Local Goverment Resources: The Cash Cow of the Governors

Local Goverment Resources: The Cash Cow of the Governors

By Okiemute Esiri

The  36 state governors of Nigeria are united in their opposition to allowing local governments absolute autonomy. Nigeria’s local government system is dysfunctional due to governors’ disproportionate power over the third tier of government through the use of unpopular pooled accounts, as well as widespread abuse and political patronage.

President Muhammadu Buhari on May 20, 2020 signed an Executive order that guaranteed financial autonomy of state legislature, judiciary and local goverment and Up untill now, the order is yet to be implemented due to the refusal by the ‘comandos‘ governors.

In Nigeria’s political dispensation, governors are very powerful. After the President, whom the respected outspoken Catholic Bishop of Sokoto Diocese, Matthew Kukah, described as being the most powerful in the world – regardless of who occupies the office – the governors are next in the power-wielding game.

Some of these governors are also treated as demigods in some states, and it’s not only because of their titles, though that helps, particularly when combined with the cliche, “His Excellency.”

It’s all about the synthesis of the immense forces bestowed upon them by the constitution and the vast resources available to them.

Despite these powers, it seems that governors are dissatisfied, and this is evident on how they intervene with the governance and financing of other branches of government in their jurisdictions, such as the judiciary, legislature and the local goverment administration.

However, in their pursuit of greater authority, they will often go to whatever extent, including disregarding the law, disobeying court rulings, and refusing or battling official procedures. Without a doubt, this has harmed governance at the subnational level.

The states are required by the Constitution to hold local government elections, governors tend to nominate caretaker committees in order to maintain control of local government funds and to install their cronies in positions of power in order to increase their presence at the local level.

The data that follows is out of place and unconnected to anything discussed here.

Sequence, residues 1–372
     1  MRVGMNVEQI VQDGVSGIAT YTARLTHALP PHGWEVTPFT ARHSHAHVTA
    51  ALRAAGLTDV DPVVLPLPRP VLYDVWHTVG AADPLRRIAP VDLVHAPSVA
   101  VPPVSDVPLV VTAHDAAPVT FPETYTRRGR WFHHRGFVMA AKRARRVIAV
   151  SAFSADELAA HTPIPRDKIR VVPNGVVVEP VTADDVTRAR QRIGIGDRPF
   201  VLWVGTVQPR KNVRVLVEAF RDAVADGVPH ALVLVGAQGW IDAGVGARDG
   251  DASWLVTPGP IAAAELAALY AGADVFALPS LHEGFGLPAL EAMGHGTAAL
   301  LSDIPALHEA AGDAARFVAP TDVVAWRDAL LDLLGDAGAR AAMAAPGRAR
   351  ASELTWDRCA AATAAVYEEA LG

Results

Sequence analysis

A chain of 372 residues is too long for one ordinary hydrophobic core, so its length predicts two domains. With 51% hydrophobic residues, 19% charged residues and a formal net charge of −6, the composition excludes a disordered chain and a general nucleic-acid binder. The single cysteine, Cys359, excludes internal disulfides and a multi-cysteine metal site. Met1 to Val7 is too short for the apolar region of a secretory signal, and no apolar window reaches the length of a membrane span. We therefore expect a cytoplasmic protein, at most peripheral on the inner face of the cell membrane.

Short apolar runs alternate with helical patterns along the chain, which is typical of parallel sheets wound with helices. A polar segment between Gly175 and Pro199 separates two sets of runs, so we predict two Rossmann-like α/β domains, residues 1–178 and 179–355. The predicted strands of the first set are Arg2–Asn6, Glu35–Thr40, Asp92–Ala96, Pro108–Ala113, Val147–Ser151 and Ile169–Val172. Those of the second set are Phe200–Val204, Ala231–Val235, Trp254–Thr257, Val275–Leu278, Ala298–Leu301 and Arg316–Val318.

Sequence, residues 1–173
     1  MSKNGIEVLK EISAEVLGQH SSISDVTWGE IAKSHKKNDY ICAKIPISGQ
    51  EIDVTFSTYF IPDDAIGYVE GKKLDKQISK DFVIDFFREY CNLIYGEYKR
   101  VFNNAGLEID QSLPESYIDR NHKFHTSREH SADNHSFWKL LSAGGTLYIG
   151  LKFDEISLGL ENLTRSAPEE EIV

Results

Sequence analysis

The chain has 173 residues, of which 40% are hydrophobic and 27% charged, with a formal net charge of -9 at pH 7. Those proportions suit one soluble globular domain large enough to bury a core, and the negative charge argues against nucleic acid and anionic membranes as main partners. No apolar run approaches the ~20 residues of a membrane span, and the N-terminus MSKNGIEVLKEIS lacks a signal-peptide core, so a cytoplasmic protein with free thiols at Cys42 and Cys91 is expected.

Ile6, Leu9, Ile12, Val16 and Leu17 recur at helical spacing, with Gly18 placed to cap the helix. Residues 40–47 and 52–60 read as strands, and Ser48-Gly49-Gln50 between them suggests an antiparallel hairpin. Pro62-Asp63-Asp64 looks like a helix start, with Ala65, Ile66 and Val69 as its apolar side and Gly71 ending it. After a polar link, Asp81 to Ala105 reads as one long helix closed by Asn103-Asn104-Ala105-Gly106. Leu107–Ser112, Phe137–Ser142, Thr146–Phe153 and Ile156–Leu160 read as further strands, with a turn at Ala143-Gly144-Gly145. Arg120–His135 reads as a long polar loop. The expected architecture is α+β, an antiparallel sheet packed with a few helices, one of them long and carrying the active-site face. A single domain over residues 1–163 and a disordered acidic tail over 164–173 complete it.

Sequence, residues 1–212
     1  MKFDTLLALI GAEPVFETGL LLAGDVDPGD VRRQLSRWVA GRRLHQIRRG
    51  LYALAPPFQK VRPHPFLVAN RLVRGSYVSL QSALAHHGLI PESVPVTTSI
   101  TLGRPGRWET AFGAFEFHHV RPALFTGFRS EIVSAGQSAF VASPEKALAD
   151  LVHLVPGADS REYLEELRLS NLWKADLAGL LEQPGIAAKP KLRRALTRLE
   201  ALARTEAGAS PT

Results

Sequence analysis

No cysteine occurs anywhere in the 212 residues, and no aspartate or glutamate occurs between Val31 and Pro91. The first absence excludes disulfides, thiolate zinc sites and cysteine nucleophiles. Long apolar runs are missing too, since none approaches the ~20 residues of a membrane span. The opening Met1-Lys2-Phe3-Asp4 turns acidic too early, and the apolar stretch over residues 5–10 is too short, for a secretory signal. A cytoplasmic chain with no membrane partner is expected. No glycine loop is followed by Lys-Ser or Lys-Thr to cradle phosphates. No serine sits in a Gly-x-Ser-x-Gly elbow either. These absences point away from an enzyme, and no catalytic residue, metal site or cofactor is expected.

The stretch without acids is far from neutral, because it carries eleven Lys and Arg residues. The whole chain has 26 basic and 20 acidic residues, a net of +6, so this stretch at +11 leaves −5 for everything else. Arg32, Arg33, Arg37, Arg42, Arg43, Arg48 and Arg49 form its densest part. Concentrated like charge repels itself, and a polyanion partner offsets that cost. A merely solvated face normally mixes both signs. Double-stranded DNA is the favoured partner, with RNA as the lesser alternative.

As a result, appointees feel compelled to show allegiance to their backers, even though it means neglecting their responsibilities to the people they serve. This will explain the lack of growth at the grassroots level.

Let us consider how local governments could carry out some of the duties outlined in the Nigerian Constitution. Construction and maintenance of bridges, sidewalks, streetlights, drains, and other public highways, parks, gardens, open fields, and other public facilities; provision and maintenance of public conveniences, drainage, and waste disposal; and establishment, maintenance, slaughterhouses, markets and motor parks; assessment of privately-owned houses or tenements for the purpose of levying such rates as may be prescribed by the House of Assembly of a state, collection of rates, radio and television licences, establishment and maintenance of cemeteries, burial grounds and homes for the destitute or infirm, naming of roads and streets and numbering of houses; registration of all births, deaths and marriages; control and regulation of out-door advertising and hoarding, movement and keeping of pets of all description, shops and kiosks, restaurants, bakeries and other places for sale of food to the public, laundries, and licensing, regulation and control of the sale of liquor.

Unfortunately, most state governments have taken over some of these functions, especially when it comes to tax collection. For example, most state legislatures have cleverly usurped the right to manage and oversee out-of-door advertisements and hoarding, as well as other tax outlets that are the prerogative of municipal governments, and are profiting handsomely from it.

The abolition of joint accounts would relieve local councils and improve their power, as well as relieve governors of the pressure of public expectation. This would also force local governments to fulfill their statutory obligations.

Most local councils in Nigeria are only able to pay wages due to the operation of joint accounts, and what is left is often too small to spend on production, and therefore always ends up in officials’ personal pockets. While the joint account was created with the intention of reducing corruption in local councils, it has turned out to be the worst thing that has ever happened to the local government system.

The governors are benefiting fat on the resources of the local goverment councils and that is one reason they are opposed to Local Goverment autonomy.

Why are the governors adamant and unwilling to allow local government in their states to enjoy absolute and sincere autonomy? The answer is yet unknown but majority of Nigerians believe the governors are corrupt and trying to hide skeletons in their cupboard. We will be posting coments and videos from Nigerians on the streets. You can also send in your comments and we will publish them.

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